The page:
Image provided by Sue Amundsen.
Genetic recombination is the swapping of DNA between two different sources, for example between similar sequences of DNA from two different organisms or between sequences of DNA within the genome of one organism. It is a widely used mechanism to repair DNA damaged by environmental mutagens or by errors that occur during replication. Recombination happens near some DNA sequences more frequently than others and these special sites are termed "hotspots". Specific hotspots were discovered in certain mutants of the bacterial virus, lambda phage, that require recombination for reproduction. Phages with these hotspots, called Chi for crossover hotspot instigator (abbreviated χ), grow better in their host, the bacterium Escherichia coli (E. coli). 35 years ago scientists in Dr. Smith’s Lab, now in the Fred Hutch Basic Sciences Division, identified the Chi hotspot sequence as 5'-GCTGGTGG-3'.
E. coli employs a multi-protein enzyme complex called RecBCD to carry out recombination by unwinding and cutting one DNA strand (called "nicking") at Chi. The structure of RecBCD bound to dsDNA revealed that a "tunnel" in RecC appears to directly recognize the Chi sequence. In recent publications in Genetics and Nucleic Acids Research, scientists in the Smith Lab challenge the previous conclusion that Chi is limited to 5'-GCTGGTGG-3' and offer new insight into how the enzyme drives homologous recombination (HR).
The scientists began by creating recC "tunnel mutants" designed to disrupt the recognition of the Chi sequence but not compromise the overall structure or activity of the RecBCD complex. They measured the ability of recC mutant E. coli to recognize Chi by comparing the growth of recombination-deficient lambda phage without a Chi site (χo) or with a Chi site (χ+76) at one site in their genome. They characterized many recC mutant E. coli strains, and found around 25 that could not support growth of lambda phage with or without a Chi site. These recC mutants were still able to carry out recombination instigated through the high-frequency recombination (Hfr) pathway that occurs when bacteria mate with each other and exchange pieces of DNA. Thus, the mutants appeared to be specifically unable to recognize Chi.
In order to identify whether the mutants could now identify a new Chi-like sequence, defined by the amino acids in their RecC tunnel, the scientists created a "library" of recombination-deficient lambda phage, each strain with 25 nucleotides (nt) of random sequence inserted into a new location in their genome. As expected based on calculations, they observed that approximately one out of 3000 phage strains were able to form large plaques (colonies) when grown with E. coli. All of the phage that formed large plaques on wild-type, recBCD+ E. coli contained the Chi sequence at the insertion locus, as expected. When the scientists sequenced the insert of the phage that formed large plaques on RecC tunnel mutant E. coli, they expected to identify Chi-like sequences that were recognized by the altered RecC tunnel. To their surprise, however, they found that all had the Chi sequence. This suggested that a Chi sequence at a different locus in the phage genome could be recognized by these recC mutants while the originally tested χ+76 locus was not recognized. Indeed, they observed good phage growth in the RecC mutants when the phage had a Chi site inserted at several other loci in their genome. This shows that the RecC tunnel mutants are able to recognize the Chi sequence but that Chi hotspot activity depends on the genomic context of Chi.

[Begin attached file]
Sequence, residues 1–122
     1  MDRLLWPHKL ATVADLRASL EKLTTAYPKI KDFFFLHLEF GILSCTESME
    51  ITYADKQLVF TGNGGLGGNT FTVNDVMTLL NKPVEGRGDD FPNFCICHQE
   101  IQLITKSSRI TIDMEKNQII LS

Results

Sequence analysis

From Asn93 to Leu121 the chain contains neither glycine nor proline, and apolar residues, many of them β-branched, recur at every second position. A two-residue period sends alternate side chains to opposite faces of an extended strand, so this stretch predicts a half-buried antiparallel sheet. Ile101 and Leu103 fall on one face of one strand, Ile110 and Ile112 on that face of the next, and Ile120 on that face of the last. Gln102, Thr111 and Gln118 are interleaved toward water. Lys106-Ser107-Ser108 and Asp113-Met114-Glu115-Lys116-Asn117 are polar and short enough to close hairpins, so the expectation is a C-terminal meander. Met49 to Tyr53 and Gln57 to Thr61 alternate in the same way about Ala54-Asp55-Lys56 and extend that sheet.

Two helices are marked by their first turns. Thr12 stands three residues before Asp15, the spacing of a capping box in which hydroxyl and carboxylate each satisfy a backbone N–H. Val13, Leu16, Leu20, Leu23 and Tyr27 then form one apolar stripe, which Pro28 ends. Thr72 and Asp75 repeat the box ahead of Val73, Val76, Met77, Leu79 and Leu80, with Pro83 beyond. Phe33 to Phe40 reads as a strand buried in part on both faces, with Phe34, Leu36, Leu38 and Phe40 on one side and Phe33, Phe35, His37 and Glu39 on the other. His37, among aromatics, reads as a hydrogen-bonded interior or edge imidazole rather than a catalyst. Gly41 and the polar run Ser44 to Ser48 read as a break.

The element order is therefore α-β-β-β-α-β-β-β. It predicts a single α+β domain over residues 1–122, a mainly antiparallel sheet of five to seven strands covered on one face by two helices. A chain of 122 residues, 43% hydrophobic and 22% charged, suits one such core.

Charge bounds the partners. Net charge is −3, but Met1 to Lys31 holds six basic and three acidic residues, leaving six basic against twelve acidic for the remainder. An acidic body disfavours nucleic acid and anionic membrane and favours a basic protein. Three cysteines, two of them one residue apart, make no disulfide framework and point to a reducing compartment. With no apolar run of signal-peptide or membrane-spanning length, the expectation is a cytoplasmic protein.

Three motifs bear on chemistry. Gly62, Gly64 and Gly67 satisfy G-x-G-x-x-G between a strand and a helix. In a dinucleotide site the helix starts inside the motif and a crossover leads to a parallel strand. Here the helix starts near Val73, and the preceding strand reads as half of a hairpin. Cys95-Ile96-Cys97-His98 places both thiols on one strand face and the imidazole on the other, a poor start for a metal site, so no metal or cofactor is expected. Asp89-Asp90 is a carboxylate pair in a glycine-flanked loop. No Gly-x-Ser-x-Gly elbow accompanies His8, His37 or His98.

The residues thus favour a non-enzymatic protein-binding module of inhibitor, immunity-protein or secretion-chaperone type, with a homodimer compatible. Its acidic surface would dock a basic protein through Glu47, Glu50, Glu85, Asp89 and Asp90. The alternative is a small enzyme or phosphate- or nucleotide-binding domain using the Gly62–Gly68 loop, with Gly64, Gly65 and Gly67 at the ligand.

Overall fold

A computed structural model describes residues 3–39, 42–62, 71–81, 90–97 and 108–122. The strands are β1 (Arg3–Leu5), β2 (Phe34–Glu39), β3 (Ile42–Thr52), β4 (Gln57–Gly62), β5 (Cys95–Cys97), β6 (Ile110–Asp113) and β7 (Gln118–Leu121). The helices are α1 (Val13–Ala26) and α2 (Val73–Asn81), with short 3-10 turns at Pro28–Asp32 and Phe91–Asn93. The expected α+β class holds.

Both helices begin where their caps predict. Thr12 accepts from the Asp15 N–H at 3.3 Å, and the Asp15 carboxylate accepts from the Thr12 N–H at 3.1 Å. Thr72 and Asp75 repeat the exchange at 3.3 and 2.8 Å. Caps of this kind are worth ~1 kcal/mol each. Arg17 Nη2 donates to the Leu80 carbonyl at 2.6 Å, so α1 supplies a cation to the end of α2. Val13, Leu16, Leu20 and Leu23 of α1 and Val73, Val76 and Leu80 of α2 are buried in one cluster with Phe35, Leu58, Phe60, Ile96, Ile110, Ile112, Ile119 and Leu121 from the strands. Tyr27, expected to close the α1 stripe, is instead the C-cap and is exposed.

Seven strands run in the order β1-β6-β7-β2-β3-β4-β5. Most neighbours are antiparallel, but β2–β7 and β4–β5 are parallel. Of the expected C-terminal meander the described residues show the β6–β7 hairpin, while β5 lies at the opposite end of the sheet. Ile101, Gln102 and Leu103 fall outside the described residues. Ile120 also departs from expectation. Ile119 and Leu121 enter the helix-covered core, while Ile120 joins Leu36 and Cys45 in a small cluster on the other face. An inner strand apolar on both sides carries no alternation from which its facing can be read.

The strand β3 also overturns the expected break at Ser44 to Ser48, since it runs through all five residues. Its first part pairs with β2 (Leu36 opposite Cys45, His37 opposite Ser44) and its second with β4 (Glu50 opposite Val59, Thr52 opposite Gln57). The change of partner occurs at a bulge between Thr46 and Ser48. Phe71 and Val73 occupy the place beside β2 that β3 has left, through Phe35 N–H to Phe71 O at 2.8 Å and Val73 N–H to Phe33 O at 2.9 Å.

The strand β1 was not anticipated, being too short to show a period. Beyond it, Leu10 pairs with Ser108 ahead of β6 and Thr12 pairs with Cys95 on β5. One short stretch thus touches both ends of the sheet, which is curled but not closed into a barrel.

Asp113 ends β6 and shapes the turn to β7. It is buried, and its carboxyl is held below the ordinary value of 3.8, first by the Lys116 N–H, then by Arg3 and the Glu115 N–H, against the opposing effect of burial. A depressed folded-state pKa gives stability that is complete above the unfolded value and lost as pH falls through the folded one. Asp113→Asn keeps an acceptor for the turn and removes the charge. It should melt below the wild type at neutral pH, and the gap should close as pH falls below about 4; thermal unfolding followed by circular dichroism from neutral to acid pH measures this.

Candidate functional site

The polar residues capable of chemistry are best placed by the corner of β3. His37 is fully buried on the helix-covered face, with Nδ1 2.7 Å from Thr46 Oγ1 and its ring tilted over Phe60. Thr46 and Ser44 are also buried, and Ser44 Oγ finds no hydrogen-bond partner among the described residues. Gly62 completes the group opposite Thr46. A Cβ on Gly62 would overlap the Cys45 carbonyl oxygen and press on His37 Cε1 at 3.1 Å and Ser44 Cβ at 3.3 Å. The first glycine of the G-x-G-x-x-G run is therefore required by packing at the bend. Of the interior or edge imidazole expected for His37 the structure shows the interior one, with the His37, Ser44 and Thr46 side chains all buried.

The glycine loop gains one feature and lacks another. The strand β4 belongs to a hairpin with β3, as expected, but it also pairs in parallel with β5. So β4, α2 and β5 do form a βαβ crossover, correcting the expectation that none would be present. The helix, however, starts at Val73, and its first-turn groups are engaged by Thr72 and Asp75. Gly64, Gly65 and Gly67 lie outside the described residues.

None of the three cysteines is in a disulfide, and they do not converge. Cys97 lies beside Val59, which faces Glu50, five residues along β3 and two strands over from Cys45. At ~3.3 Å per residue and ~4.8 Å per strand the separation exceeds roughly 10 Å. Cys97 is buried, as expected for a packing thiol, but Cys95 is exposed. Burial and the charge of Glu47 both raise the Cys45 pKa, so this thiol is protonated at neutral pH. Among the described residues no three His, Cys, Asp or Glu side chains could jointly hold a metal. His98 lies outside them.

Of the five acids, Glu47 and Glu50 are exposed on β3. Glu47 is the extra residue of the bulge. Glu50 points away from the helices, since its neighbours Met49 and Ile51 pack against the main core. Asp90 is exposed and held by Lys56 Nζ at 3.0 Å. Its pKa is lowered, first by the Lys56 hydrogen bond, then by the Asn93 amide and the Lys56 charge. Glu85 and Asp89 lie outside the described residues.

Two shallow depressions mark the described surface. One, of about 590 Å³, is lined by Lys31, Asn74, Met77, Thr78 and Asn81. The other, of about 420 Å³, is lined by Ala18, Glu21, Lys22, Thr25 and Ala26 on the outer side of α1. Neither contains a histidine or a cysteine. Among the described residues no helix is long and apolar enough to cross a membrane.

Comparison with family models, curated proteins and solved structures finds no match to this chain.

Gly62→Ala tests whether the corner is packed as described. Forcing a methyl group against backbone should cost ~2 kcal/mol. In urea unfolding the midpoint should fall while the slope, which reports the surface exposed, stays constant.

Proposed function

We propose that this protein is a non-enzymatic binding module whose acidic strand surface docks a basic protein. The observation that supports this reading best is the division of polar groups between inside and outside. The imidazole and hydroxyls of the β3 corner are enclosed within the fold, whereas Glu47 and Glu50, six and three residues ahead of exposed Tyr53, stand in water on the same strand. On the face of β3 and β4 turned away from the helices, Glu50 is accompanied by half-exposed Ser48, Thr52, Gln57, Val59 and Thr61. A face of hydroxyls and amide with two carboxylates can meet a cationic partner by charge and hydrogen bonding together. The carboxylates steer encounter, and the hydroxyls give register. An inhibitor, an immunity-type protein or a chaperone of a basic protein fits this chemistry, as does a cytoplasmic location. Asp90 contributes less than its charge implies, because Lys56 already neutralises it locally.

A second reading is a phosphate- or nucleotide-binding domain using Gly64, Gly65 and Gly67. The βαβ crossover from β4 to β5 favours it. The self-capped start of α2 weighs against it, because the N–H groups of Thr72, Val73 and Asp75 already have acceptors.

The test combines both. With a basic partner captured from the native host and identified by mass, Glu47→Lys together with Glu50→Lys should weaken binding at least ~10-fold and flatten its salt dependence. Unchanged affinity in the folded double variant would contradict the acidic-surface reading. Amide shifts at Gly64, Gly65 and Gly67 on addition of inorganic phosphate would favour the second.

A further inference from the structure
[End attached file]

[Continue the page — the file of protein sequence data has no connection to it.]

To assess how the surrounding sequence affected Chi hotspot activity, the scientists inserted the Chi site with four randomized nucleotides on either side into a new locus. By swapping the sequence to the right (3') or left (5') of the Chi sequence, they found that the sequence to the right, but not to the left, of the Chi sequence strongly dictates hotspot (recombination) activity.
Purified RecBCD nicks dsDNA at Chi, so the scientists designed a method to identify which surrounding sequence instilled "hotter" hotspot activity. They created a library of short lengths of DNA (oligonucleotides, called oligos for short) containing the Chi sequence each flanked by a random sequence and incubated each oligo in the library with a low concentration of RecBCD. They purified oligos cut by RecBCD and deep sequenced them. By comparing which sequences were cut versus uncut, they were able to determine that the sequence to the left (5') of Chi plays little role in influencing RecBCD activity. Intriguingly, they found a strong preference for RecBCD to cut oligos with purines (A or G) 4-7 nucleotides to the right (3') of Chi. Remarkably, the RecB nuclease cuts at these same positions. Their results demonstrate that the activity of recombination-promoting enzymes such as RecBCD requires more complex interactions with the DNA than had been appreciated.
Decades after identifying the Chi sequence, Dr. Smith smiles at the serendipity of research. "If you keep your eyes open , you’ll always find something new."
Amundsen SK, Sharp JW, Smith GR. 2016. "RecBCD enzyme "Chi recognition" mutants recognize Chi recombination hotspots in the right DNA context." Genetics. In press.
Taylor AF, Amundsen SK, Smith GR. 2016. "Unexpected DNA context-dependence identifies a new determinant of Chi recombination hotspots." Nucleic Acids Research. In press.
This research was funded by the National Institutes of Health.